Category Archive for: ‘Electronics Blog’

X-V tube kit microphone schematic

X-V tube kit microphone

From 2006-2007 I built the MSH-4 tube microphone.  Of all of my discontinued products, I’ve gotten more requests to revive that microphone than any other.  It was popular because of the “secret sauce” of the 6418 tube, which is a generous helping of the “good” kind of harmonic distortion (lots of second-order, plenty of third, some fourth, and not too …

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Naiant microphone history 2006 - 2016

The Future of Microphones

  Microphones and preamplifiers are drastically inefficient devices in the modern age. But before we explore that thesis, let’s review the development of microphones. We can very crudely divide the world of microphones into dynamic and condenser microphones (let’s ignore the exceptions for a moment). Dynamic microphones are characterized by very low output (voltage), but good current drive capability (low …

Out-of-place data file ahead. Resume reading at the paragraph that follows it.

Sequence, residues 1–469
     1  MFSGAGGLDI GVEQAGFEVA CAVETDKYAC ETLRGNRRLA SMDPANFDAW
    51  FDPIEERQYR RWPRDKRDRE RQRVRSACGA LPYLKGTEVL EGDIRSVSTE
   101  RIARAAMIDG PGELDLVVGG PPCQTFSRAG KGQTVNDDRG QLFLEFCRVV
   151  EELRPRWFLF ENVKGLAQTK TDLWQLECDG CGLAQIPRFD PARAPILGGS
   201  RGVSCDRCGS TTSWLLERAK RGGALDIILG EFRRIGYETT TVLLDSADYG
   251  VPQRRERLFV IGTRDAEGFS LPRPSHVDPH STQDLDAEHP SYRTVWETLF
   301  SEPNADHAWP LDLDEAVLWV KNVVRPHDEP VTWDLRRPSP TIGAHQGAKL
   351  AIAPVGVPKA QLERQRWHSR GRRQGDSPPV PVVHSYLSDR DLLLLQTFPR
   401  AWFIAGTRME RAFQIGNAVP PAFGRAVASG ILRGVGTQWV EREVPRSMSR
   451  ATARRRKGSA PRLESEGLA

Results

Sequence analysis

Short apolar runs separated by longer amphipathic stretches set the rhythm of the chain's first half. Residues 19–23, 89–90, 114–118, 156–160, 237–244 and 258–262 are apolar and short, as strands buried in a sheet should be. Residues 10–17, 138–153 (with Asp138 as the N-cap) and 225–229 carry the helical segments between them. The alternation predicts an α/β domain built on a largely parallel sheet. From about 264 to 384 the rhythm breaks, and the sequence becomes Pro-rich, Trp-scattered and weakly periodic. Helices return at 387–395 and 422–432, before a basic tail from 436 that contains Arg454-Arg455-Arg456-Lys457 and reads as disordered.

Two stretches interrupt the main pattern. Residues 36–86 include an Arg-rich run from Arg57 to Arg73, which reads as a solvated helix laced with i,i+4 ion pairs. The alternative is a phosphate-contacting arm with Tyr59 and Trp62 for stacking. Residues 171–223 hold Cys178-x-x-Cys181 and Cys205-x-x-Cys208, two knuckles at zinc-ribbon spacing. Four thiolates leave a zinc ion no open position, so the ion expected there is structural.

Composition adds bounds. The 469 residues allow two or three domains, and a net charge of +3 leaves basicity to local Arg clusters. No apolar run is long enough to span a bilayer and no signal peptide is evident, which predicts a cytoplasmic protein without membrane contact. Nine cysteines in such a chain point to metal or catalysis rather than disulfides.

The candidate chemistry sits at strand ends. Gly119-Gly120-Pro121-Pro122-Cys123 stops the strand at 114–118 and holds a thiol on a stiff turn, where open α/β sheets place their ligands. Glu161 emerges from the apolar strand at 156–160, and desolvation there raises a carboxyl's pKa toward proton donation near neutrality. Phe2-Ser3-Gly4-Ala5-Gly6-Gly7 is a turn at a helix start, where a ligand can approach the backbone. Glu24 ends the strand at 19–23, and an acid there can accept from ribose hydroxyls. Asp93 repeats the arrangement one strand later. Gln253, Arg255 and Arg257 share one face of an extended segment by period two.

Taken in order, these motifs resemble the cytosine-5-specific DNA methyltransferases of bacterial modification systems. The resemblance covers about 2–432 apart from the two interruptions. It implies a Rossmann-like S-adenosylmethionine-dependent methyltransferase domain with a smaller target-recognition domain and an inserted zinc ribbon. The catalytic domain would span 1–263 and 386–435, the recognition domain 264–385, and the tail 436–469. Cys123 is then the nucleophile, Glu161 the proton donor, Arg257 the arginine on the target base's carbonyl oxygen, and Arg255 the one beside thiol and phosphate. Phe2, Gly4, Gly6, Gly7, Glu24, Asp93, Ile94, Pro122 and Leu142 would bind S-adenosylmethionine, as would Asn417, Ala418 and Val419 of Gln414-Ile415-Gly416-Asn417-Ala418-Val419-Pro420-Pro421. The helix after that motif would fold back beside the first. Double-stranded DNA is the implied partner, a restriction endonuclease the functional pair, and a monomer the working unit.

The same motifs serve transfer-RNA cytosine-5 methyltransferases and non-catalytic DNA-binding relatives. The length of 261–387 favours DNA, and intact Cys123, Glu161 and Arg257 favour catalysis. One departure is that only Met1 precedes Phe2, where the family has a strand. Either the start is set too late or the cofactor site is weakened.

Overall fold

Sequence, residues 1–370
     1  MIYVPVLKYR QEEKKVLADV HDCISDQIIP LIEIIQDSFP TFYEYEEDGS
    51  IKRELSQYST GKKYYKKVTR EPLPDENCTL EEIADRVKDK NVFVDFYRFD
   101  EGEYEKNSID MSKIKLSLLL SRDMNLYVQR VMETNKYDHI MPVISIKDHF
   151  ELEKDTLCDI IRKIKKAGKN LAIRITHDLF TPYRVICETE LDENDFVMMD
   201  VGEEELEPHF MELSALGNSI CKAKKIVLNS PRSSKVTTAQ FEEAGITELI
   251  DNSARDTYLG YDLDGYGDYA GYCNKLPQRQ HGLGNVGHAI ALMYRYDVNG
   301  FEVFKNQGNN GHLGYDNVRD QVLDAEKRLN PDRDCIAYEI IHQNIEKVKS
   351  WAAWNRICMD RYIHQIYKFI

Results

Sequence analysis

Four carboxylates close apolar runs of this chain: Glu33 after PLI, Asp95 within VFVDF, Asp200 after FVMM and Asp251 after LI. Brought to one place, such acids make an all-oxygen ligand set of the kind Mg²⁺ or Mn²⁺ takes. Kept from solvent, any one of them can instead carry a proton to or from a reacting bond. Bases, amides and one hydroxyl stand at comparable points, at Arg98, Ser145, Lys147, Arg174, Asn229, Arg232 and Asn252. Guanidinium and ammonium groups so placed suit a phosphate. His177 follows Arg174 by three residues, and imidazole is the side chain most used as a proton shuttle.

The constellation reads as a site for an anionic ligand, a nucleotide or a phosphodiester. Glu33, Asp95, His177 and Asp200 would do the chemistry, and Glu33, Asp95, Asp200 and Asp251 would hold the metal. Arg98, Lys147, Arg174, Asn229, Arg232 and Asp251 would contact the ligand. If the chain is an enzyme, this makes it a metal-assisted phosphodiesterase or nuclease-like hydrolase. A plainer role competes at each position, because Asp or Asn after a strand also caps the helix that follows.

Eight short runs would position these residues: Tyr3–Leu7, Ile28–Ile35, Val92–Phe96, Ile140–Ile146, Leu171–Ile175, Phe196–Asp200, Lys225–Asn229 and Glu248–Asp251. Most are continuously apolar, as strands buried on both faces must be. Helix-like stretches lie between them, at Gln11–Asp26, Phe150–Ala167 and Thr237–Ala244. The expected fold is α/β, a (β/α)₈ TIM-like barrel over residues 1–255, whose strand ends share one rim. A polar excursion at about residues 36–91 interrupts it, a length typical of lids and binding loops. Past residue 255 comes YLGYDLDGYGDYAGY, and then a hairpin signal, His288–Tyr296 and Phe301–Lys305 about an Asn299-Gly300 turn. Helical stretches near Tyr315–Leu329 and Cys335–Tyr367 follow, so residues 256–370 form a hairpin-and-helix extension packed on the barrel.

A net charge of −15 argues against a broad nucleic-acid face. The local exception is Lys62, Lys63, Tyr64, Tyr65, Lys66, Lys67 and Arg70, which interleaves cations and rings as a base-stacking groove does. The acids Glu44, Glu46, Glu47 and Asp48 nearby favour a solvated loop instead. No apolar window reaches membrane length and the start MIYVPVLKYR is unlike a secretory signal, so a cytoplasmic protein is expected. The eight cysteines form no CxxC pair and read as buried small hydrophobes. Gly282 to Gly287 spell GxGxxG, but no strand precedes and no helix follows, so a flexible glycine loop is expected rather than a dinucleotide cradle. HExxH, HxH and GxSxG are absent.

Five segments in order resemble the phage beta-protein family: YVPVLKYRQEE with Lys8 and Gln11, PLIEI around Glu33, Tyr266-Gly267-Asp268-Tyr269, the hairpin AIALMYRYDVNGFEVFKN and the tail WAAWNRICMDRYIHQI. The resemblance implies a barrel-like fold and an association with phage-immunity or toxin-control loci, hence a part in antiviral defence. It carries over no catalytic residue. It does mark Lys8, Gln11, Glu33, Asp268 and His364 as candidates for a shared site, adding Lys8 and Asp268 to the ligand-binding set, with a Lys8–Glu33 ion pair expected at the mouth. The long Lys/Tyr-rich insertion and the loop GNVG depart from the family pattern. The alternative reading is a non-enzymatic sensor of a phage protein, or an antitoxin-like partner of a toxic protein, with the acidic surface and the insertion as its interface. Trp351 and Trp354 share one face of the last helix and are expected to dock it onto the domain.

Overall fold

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Balanced vs. Unbalanced Guitar Noise Comparison

Balanced Guitar Wiring

A guitar pickup is essentially similar to a dynamic microphone coil. For decades, dynamic microphones have been wired with the voice coil attached to the primary of the microphone’s transformer, and not referenced to ground (‘floating’). The microphone’s case is typically connected to the cable shield, which is connected to the microphone amplifier’s ground (see Rane’s website for more discussion). …

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MSH-4v2 Condenser Mic Schematic

DIY Microphone Design

The development of the MSH-1 began as a result of Joel Cameron’s Tape Op mic. In fact, it was after I had mentioned on a few occasions that it wouldn’t be too difficult to build a phantom powering circuit into the XLR connector instead of building an external power supply, which is expensive and less practical. But the Tape Op …

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